Baked Eggs, TTP Style

He that but looketh on a plate of ham and eggs to lust after it hath already committed breakfast with it in his heart

~ C.S. Lewis

Another positive aspect to the TTP angle on diet is the fact that meal preparation is oh so easy.  Of course, you can get very creative and involved (and Meesus TTP does quite often, as she’s a real “foodie”), but I prefer not to spend much time in the kitchen.  That doesn’t mean I don’t appreciate the fruits born of extensive “kitchen labors”, though!

The beauty of this particular recipe is that — as in pizza — only your imagination can stand in the way of what one does to manipulate the base recipe.  And what follows, is, in fact,  our “basic” TTP recipe, as told in pictures:

Oil-up the egg ramekins with olive oil

Oil-up the egg ramekins with olive oil...

...then add prosciutto ham...

...then add prosciutto ham...

...then spinach...

...then spinach...

...diced tomato...

...diced tomato...

...provalone cheese...

...provalone cheese...

...a couple of eggs each, salt and peppered...

...a couple of eggs each, salt and peppered...

...and after ~12 minutes at 375, the final product.

...and after ~12 minutes at 375, the final product.

I had two of these, along with some leftover ribs, avocado and a small bowl of pineapple and strawberries, abut 3PM.  This was my first meal, of what, more than likely will turn out to be, a two-meal day.

In Health,


7 responses to “Baked Eggs, TTP Style

  1. Man oh man, Keith. Those look awesome! I kept trying to get up the energy to try an egg bake from various recipes, but this looks soooo easy that I’m going to have to try it. I love eggs over easy, the yolkier the better, so this is one bake that I’ve found that isn’t scrambled.

    I need to get some ramakins, though.

    Thanks for the great recipes!


  2. Hey Keith,

    That looks awesome to me. I will try this recipe soon. I really like these types of posts in addition to the exercise ones that you usually do. Great stuff.

    This brings up a few questions related to food and exercise that I wanted to get your opinion on:
    1) How is your cholesterol levels? I eat very similar to you and have a bit elevated cholesterol. I am not sure it matters, but am curious how yours is.
    2) I stumbled across a website that Devany had commented on and there was a big difference between what we do exercise wise and he suggested. The suggestion was to do exercise in slow motion rather than the faster motion that Devany, you, and I typically do. Since I am always mixing things up, workout wise and other, I thought it might be interesting to try this out, but was curious as to your thoughts as your results speak for themselves.
    3) Recovery time is another question I had. The site Devany linked to was really big on recovery and not working out too much. I tend to do something almost every day except when something gets in the way, but I wonder whether it is better to take a day off and hit it even harder the next day rather than every day at slightly less intensity. Any thoughts?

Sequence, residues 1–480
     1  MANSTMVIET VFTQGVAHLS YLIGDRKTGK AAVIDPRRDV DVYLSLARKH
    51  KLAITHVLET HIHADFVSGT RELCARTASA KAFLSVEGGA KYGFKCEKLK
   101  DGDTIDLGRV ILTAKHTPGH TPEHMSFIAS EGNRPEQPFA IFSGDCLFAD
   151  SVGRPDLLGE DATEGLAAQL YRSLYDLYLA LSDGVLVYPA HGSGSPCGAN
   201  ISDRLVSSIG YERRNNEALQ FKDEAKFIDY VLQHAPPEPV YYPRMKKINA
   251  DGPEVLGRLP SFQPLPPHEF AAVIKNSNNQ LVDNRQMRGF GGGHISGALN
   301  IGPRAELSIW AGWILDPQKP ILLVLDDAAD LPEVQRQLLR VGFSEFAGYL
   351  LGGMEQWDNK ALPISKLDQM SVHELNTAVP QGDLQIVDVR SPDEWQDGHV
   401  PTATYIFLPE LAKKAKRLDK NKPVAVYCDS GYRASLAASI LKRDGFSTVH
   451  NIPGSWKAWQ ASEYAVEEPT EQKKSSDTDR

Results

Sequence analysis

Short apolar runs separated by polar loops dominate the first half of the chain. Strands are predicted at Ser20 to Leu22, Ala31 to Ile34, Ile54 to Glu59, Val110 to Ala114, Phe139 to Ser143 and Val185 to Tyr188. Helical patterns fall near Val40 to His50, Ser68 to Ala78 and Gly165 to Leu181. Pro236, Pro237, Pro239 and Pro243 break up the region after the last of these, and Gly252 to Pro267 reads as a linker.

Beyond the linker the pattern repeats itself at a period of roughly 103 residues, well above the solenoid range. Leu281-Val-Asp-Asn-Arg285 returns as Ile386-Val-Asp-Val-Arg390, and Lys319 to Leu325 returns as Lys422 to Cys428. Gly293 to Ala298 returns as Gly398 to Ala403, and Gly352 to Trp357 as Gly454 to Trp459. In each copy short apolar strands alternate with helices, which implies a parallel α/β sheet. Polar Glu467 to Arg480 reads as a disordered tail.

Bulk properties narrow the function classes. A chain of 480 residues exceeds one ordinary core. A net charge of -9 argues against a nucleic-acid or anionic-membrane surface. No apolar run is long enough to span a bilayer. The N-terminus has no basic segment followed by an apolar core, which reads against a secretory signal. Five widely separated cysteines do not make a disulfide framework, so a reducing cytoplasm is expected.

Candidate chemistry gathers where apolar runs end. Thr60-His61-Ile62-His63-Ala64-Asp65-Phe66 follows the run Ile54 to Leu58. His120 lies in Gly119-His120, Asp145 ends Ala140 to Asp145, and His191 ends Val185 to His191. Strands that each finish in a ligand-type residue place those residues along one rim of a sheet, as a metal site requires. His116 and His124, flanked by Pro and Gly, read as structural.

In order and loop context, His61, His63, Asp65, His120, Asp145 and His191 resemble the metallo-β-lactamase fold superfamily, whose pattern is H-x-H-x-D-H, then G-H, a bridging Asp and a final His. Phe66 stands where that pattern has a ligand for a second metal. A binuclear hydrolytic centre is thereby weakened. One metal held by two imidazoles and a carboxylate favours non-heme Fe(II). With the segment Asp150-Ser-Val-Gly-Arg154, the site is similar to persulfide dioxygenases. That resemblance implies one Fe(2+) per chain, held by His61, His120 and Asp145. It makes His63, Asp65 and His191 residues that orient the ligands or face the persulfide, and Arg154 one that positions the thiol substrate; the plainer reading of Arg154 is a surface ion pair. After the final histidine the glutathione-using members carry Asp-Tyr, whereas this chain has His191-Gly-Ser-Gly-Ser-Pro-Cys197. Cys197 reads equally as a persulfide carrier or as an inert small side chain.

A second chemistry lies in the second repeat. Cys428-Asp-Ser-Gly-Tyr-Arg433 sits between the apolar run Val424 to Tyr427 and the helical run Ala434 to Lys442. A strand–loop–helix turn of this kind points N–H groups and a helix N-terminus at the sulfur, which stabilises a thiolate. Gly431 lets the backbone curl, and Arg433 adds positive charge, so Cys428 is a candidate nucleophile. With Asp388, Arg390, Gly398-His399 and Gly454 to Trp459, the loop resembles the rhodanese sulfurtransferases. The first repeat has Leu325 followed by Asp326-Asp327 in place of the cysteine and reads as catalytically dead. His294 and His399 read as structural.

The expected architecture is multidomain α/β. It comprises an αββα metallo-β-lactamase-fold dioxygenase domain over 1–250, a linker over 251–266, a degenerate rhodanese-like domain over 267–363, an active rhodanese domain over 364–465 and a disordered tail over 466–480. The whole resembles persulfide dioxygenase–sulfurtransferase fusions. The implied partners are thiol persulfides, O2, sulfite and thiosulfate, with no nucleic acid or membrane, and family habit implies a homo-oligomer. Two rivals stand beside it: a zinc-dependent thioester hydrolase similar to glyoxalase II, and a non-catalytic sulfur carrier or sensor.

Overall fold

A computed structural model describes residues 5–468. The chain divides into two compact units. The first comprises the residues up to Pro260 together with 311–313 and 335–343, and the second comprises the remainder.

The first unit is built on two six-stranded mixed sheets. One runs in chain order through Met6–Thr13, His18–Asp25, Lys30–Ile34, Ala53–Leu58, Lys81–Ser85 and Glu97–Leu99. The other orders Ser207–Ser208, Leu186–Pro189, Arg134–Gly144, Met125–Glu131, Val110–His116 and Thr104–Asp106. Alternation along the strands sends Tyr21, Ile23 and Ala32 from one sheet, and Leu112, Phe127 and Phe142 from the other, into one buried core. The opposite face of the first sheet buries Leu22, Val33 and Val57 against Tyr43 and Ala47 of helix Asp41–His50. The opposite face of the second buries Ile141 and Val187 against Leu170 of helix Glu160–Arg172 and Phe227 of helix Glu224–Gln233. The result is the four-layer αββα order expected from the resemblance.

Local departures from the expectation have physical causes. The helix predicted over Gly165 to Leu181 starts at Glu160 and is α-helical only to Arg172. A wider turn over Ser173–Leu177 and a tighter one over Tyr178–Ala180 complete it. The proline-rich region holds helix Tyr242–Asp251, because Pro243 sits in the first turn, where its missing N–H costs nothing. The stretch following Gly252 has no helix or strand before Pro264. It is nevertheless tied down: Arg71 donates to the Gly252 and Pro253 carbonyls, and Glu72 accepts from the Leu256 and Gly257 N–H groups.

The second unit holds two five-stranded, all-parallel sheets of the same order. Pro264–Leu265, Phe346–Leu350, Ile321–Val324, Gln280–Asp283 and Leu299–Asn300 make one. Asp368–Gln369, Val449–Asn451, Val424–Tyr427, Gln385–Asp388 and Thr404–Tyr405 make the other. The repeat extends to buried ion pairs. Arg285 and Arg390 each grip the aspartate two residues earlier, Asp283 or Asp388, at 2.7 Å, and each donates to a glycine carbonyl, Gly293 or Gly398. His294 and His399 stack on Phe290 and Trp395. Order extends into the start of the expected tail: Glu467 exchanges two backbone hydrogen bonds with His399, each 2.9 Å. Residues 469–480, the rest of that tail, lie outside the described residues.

Great work as always. Looking forward to your thoughts.


  3. TrailGrrl — I love soft-boiled eggs, with a semi-runny yoke. It takes a few attempts to get the timing down right, though.

    Jeff– I haven’t had a full blood-work done in quite a while (pre-TTP lifestyle days). This is something I plan to have done this year, and I’ll post my results — of course, I’ll have to work within established %$&*# insurance rules, but that’s another story. Currently, my belief is that an elevated cholesterol, in and of itself, is not the boogy-man that the doctors/drug companies would have us believe (disclaimer is in order here — I work for a pharmaceutical company). I’m certainly not saying that this coalition of doctors/big pharma/science is inherently evil, but there is a certain amount of profit motive at work here that can obviously skew the science involved. I believe that an elevated (whatever that means) cholesterol in the presence of an inflammatory response (diet driven, overtraining, disease, etc.) is what causes problems. The idea is to eliminate the inflammatory response, thereby rendering cholesterol benign. Just my 2 cents.

    As of now, I’m not a big fan of SST, unless it is your only alternative. Something, in my opinion, is usually better than nothing. I just don’t think that SST (for a healthy person) an efficient way to train. The bottom line, for me, is (1)what is the power-generating ability of this particular workout, and/or (2)am I doing something that, while in and of itself is not a power-generating workout, will it, in the future, help me to achieve a higher power output? Again, my 2 cents here, but in my opinion, the greater the short-duration power output per lb. of bodyweight, the more proficient the athlete. And for non-athletes (or the general population), I would say that you could substitute “healthy” for “proficient”.

    I use two thumbrules vis-a-vis workout frequency: (1)overall intensity and overall frequency are inversely correlated, and (2)recovery abilities vary, both genetically and with age. Learn to listen to your body. This is the great juggle of goals, desires and abilities that all of us with a fitness mindset must figure out for ourselves. My two thumbrules will keep you clear of the ditches, as we say here in the South — beyond that, though, is the realm of the personal.

    Hope this helps. Feel free to ask away, as this will give me ideas for future posts.

  4. Absolutely great response. I appreciate it.

    As for now I will err on the side of power as I have little risk in generating it. I have been listening to my body, and I think the level of intensity and recovery times are reasonable.

    Thanks again. This is really an excellent and useful blog.


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